Listen as Wellesley College faculty introduce you to a book that they're passionate about in their field, and then read a brief passage to whet your appetite.

The books might be little-known literary gems, beloved classics, scenes from plays, recent provocative essays, poems, thought-provoking analyses of current social issues, biographies, or many other literary forms.

Take a few minutes to explore the books that captivate Wellesley faculty. Click on a book to hear the reading. If you prefer to download these readings, visit our iTunes U site.

To hear episodes from previous seasons, visit the What Wellesley's Reading Archive.

Our series will resume January 26, 2015.

December 3, 2014

Quinn's book
Quinn Slobodian reads from The Bridge of the Golden Horn by Emine Sevgi Ozdamar, published by Serpent's Tail. (5:22)

Previous Episodes

Andy's book November 19, 2013

Andy Schultz reads from The Man Who Knew Infinity by Robert Kanigel, published by Washington Square Press. (5:45)

"...I have been employing the spare time at my disposal to work at Mathematics...I am striking out a new path for myself... the results I get are termed by the local mathematicians as 'startling'."
Margery's book November 12, 2014

Margery Lucas reads from Thinking Fast and Slow by Daniel Kahneman, published by Farrar, Straus and Giroux. (7:17)

"...people who are simultaneously challenged by a demanding cognitive task and by a temptation are more likely to yield to the temptation. "
Jenny's book November 5, 2014

Jennifer Musto reads from It's Complicated: The Social Lives of Networked Teens by Danah Boyd, published by Yale University Press. (5:57)

"Teens do think through the social cost to what they post, but they don’t always get it right."
Andrea's book October 29, 2014

Andrea Sequeira reads from Why Evolution is True by Jerry Coyne, published by Viking. (6:27)

"The 'island argument' for evolution starts with the following observation: oceanic islands are missing many types of native species that we see on both continents and continental islands."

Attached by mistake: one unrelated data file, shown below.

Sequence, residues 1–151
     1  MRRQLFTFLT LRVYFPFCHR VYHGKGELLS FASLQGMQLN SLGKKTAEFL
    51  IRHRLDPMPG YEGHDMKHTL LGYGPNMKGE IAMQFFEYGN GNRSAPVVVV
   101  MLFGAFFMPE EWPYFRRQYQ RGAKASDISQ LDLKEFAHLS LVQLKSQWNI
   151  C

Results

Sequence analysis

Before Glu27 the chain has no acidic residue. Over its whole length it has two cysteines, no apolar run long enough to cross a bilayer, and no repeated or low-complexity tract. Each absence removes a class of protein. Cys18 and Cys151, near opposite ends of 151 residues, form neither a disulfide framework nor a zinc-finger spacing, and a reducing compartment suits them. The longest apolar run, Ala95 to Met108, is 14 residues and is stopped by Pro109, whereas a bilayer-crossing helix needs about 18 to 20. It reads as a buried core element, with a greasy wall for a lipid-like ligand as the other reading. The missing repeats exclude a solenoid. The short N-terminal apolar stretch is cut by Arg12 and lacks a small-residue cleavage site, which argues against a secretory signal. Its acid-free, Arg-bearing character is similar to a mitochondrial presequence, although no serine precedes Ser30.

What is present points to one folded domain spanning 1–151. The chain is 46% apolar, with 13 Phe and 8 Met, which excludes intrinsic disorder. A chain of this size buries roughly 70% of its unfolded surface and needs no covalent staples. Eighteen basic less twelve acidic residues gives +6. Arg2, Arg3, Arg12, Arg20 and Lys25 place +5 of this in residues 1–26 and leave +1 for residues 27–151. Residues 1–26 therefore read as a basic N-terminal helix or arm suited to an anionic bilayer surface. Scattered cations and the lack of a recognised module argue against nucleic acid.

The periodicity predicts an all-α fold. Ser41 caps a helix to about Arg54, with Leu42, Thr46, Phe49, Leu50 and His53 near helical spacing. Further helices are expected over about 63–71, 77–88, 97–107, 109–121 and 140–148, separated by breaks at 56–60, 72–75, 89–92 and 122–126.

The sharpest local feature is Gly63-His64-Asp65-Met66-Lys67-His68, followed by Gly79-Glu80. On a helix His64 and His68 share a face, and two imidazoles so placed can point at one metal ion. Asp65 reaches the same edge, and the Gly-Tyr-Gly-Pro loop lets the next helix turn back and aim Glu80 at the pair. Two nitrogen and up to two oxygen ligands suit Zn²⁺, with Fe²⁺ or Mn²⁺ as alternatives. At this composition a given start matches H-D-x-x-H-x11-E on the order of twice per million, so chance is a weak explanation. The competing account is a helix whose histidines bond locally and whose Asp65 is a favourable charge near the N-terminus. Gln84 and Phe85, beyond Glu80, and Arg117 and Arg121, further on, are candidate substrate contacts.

Miya Woolfalk's book October 22, 2014

Miya Woolfalk reads from Barbershops, Bibles, and BET: Everyday Talk and Black Political Thought by Melissa Victoria Harris-Lacewell, published by Princeton University Press. (6:09)

"When harnessed to do the work of ideology building, the black church can be an instrument in shaping the political worldviews of African Americans."
Nikki's book October 15, 2014

Nikki Greene reads from Invisible Man by Ralph Ellison, published by Modern Library. (5:56)

"Perhaps I like Louis Armstrong because he's made poetry out of being invisible. I think it must be because he's unaware that he *is* invisible."
Megan's book October 8, 2014

Megan Nunez reads from Napoleon's Buttons: How 17 Molecules Changed History by Penny Le Couteur and Jay Burreson, published by Jerremy P Tarcher. (5:46)

"Nutmeg's hallucinogenic properties—likely from the molecules myristicin and elemicin—were known for centuries."
Smitha's book October 1, 2014

Smitha Radhakrishnan reads from Playing with Fire: Feminist Thought and Activism through Seven Lives in India by Sangtin Writers Collective, published by University of Minnesota Press Books. (4:25)

"We wondered why those who live and do the most challenging work with...the poorest communities are rarely the ones who are invited to participate in conversations about that work…"
Michael's book September 24, 2014

Michael Jeffries reads from How to Slowly Kill Yourself and Others in America by Kiese Laymon, published by Agate Bolden. (6:28)

"You told him that you had created a post-Katrina, Afrofuturist, time-travel-ish, black southern love story filled with adventure, meta-fiction, and mystery."
James Battat's book September 17, 2014

James Battat reads from The Theory of Almost Everything: The Standard Model, the Unsung Triumph of Modern Physics by Robert Oerter, published by Plume. (4:47)

"The Standard Model ... has deeper implications for the nature of the universe than chaos theory, and unlike string theory, ... it has a strong experimental basis — but it is not as widely known as either."
Casey's book September 10, 2014

Casey Rothschild reads from Capital in the 21st Century by Thomas Piketty, published by Belknap Press. (3:32)

"...inequalities of training have, to a large extent, simply been translated upwards, and there is no evidence that education has really increased intergenerational mobility."
Sarah's book September 3, 2014

Sarah Wall-Randell reads from Out of Sheer Rage: Wrestling with D.H. Lawrence by Geoff Dyer, published by Picador. (5:59)

"You're stuck, stuck in an endless loop, stuck like a record which keeps jumping back to the same three words — ‘if only..., if only...' — which turn out to be only two words."

Last Modified: December 3, 2014 | Designed by: Christina Pong '09 | Created and maintained by: Kenny Freundlich | Wellesley College